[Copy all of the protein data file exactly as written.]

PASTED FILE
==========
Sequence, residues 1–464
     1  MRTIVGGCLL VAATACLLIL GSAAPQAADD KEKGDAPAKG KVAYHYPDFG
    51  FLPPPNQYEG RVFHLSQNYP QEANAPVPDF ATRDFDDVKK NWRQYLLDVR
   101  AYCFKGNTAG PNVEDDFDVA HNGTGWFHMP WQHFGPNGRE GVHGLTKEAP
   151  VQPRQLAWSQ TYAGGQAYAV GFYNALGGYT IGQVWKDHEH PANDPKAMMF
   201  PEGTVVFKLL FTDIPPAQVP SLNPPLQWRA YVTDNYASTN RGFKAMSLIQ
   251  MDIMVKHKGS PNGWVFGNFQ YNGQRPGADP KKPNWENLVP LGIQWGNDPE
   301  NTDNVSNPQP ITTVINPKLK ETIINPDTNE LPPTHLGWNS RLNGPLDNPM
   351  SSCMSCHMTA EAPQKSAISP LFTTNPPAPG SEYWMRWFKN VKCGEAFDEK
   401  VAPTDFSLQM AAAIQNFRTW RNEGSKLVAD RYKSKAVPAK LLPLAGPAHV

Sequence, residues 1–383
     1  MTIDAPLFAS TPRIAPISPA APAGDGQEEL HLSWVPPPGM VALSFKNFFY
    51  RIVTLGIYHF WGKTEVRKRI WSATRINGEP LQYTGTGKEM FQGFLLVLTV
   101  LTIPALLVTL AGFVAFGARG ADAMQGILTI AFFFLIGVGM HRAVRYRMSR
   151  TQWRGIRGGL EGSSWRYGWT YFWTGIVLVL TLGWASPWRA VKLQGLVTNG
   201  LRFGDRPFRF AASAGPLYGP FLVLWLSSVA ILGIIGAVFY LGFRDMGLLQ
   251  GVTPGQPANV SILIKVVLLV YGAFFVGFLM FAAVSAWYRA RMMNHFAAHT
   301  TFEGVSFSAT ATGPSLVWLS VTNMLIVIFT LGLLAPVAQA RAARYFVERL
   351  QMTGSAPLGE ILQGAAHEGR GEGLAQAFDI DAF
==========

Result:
Sequence, residues 1–464
     1  MRTIVGGCLL VAATACLLIL GSAAPQAADD KEKGDAPAKG KVAYHYPDFG
    51  FLPPPNQYEG RVFHLSQNYP QEANAPVPDF ATRDFDDVKK NWRQYLLDVR
   101  AYCFKGNTAG PNVEDDFDVA HNGTGWFHMP WQHFGPNGRE GVHGLTKEAP
   151  VQPRQLAWSQ TYAGGQAYAV GFYNALGGYT IGQVWKDHEH PANDPKAMMF
   201  PEGTVVFKLL FTDIPPAQVP SLNPPLQWRA YVTDNYASTN RGFKAMSLIQ
   251  MDIMVKHKGS PNGWVFGNFQ YNGQRPGADP KKPNWENLVP LGIQWGNDPE
   301  NTDNVSNPQP ITTVINPKLK ETIINPDTNE LPPTHLGWNS RLNGPLDNPM
   351  SSCMSCHMTA EAPQKSAISP LFTTNPPAPG SEYWMRWFKN VKCGEAFDEK
   401  VAPTDFSLQM AAAIQNFRTW RNEGSKLVAD RYKSKAVPAK LLPLAGPAHV

Sequence, residues 1–383
     1  MTIDAPLFAS TPRIAPISPA APAGDGQEEL HLSWVPPPGM VALSFKNFFY
    51  RIVTLGIYHF WGKTEVRKRI WSATRINGEP LQYTGTGKEM FQGFLLVLTV
   101  LTIPALLVTL AGFVAFGARG ADAMQGILTI AFFFLIGVGM HRAVRYRMSR
   151  TQWRGIRGGL EGSSWRYGWT YFWTGIVLVL TLGWASPWRA VKLQGLVTNG
   201  LRFGDRPFRF AASAGPLYGP FLVLWLSSVA ILGIIGAVFY LGFRDMGLLQ
   251  GVTPGQPANV SILIKVVLLV YGAFFVGFLM FAAVSAWYRA RMMNHFAAHT
   301  TFEGVSFSAT ATGPSLVWLS VTNMLIVIFT LGLLAPVAQA RAARYFVERL
   351  QMTGSAPLGE ILQGAAHEGR GEGLAQAFDI DAF